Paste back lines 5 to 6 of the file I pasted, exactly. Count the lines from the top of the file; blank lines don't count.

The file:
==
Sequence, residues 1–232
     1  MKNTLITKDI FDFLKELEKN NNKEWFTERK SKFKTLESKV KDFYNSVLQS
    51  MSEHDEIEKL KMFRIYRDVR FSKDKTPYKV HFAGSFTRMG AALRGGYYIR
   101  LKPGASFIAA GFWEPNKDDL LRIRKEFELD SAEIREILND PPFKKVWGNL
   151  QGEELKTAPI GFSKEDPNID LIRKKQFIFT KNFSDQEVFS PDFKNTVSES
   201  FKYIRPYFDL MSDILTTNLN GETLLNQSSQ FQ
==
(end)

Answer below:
   151  QGEELKTAPI GFSKEDPNID LIRKKQFIFT KNFSDQEVFS PDFKNTVSES
   201  FKYIRPYFDL MSDILTTNLN GETLLNQSSQ FQ